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Newspaper Page Text
WAS BORN IN A THEATER
By Gertrude Mr-Price.
'A real comedian who never
grows old ! He has mastered the
habit of youthfulness by looking
at everything through a smile.
This undictionaried definition
may serve to introduce the per
sonality of Joseph Allen, the
youngest player in the moving
picture world. He is 72 years
In a modest-looking little cot
tage, nestled safely under a big
tree-on the outskirts of Chicago,
I found this interesting human
link between the old and the new,
a living version of the gospel of
For nearly 68 years Joseph Al
len has been making people laugh,
and his stock of fun and good
humor "seems perennially green.
He is round and chubby like a
His hair is white as snow and
the deep shadows in his face only
serve to bring out the gentleness
of his features.
"Joe," as he calls himself, whose
funny characters are nearly al-
ways a part of the Essanay mov
ing pictures, came squealing into
the world a little ahead of sched
ule time in a dressing room of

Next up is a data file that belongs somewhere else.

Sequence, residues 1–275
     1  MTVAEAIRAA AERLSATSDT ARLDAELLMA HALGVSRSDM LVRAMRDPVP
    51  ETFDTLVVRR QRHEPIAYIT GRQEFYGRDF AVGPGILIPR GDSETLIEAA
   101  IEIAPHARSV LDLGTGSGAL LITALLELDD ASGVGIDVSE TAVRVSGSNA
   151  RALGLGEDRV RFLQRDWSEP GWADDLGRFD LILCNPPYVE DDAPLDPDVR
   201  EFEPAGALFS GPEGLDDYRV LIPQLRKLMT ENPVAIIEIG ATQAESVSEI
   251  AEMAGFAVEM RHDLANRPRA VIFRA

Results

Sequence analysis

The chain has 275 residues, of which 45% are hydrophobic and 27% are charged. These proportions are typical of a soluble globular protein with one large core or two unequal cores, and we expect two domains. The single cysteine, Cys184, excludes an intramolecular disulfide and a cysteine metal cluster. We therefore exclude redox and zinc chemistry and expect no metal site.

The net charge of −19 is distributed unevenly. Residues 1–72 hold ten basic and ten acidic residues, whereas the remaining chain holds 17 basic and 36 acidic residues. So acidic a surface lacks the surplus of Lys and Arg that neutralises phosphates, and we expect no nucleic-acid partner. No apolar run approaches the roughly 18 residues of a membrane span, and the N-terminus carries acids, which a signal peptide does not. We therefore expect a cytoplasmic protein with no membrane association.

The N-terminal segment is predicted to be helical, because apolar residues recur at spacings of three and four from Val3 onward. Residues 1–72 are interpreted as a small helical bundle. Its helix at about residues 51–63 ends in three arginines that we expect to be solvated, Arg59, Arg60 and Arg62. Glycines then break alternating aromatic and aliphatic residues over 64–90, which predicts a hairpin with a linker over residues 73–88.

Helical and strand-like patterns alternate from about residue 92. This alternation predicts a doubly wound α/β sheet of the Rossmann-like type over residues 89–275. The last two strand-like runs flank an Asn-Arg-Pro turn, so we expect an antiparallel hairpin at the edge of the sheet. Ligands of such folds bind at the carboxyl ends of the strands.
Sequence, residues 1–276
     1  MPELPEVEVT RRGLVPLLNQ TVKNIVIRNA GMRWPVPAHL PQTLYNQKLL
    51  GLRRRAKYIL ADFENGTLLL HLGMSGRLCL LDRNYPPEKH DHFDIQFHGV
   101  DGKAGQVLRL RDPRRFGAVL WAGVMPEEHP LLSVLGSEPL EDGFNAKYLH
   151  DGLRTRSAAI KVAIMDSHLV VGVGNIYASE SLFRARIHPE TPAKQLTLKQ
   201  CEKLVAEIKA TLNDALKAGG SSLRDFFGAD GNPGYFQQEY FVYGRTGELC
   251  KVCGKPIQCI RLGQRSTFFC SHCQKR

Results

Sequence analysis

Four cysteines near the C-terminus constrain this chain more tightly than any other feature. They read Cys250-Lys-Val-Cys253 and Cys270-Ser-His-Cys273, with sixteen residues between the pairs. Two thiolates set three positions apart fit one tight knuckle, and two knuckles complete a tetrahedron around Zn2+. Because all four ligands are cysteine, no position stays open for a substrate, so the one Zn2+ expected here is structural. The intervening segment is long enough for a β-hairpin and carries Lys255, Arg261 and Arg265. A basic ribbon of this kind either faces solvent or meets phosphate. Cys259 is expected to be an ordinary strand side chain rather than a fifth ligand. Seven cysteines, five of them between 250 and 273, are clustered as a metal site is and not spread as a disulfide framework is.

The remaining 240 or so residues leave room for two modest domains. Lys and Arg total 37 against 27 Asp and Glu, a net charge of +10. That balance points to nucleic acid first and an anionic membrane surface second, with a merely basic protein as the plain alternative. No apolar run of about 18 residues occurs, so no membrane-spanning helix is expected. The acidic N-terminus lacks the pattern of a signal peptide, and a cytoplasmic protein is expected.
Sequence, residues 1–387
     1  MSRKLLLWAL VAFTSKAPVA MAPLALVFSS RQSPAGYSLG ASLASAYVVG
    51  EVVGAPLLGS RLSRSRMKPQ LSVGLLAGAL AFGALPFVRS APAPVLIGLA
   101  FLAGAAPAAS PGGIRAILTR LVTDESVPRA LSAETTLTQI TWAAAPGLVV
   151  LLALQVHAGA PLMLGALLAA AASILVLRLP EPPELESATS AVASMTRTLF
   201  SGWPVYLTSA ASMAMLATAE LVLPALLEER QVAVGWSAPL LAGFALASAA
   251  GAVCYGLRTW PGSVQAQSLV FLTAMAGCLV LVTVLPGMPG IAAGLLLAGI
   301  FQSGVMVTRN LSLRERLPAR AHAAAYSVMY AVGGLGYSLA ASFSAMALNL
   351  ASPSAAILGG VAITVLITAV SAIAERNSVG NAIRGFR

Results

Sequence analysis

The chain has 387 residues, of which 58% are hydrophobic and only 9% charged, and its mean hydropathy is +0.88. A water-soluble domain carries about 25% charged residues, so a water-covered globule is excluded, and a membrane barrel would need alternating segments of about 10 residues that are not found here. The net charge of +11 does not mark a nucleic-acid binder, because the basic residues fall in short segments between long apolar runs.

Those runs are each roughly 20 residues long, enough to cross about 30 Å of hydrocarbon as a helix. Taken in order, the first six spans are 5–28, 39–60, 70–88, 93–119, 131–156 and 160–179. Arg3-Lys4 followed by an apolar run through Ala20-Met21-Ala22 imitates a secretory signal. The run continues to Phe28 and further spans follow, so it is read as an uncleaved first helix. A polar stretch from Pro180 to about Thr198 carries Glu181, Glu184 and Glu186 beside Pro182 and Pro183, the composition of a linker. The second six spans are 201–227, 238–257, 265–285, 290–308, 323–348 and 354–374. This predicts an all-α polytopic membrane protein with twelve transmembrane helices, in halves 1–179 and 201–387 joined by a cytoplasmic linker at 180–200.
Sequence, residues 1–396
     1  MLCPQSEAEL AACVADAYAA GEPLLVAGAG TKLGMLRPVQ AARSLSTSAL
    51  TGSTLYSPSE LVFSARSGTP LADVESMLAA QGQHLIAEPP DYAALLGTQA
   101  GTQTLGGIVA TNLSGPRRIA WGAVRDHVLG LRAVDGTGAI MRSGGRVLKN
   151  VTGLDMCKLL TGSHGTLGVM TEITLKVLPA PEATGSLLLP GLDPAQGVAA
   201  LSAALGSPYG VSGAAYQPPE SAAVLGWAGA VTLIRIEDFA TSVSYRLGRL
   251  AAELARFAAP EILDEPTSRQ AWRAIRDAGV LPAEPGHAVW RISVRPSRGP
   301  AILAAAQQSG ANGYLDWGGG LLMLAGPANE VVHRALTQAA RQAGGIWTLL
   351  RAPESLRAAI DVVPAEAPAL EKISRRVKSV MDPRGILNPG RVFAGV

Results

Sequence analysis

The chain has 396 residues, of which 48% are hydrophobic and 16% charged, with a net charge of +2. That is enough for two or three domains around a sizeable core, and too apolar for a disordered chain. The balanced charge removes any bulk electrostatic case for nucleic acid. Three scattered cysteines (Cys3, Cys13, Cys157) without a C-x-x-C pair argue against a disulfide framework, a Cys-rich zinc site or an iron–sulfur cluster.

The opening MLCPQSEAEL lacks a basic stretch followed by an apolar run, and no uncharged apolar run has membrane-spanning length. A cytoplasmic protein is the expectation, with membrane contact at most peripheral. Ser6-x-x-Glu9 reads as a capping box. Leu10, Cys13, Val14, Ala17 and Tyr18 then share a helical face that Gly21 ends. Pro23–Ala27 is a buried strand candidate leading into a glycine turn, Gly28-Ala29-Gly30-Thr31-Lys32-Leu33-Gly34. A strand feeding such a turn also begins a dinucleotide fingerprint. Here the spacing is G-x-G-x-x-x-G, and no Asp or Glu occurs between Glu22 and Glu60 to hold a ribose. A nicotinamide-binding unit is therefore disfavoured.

the Theater Royal, Bristol, Eng
land, Jan. 1, 1840.
"I don't know whether I was
an old-year blessing or a New
Year gift," laughed my new-old
friend as he directly me, with a
courtly bow, to a chair.
"You see, the whistles were
still tooting their heraldry of the
Jast of jthe old and the first of
-BEEN ACTING EVER SINCE
the new when I said, "Good day"
to the funny old world.
"Fortunately, I guess, for me,
the stork hurried me into exist
ence quite unexpectedly while my
mother was attending a play in
which my father was. appearing.
1 And I've been a little ahead of the
game ever since!"
"And have you been acting
Joseph Allen at 73.
ever since, too?" I asked, as he
dabbed his face with a big ban
dana handkerchief in that second
nature fashion actors have to keep
the rouge from rubbing off. But
I was hardly-prepared for the
"Well, yes, pretty nearly that.
I played my first part wh'en I was
three weeks old. My father was
the lessee and leading man of his
own theater. He wanted a baby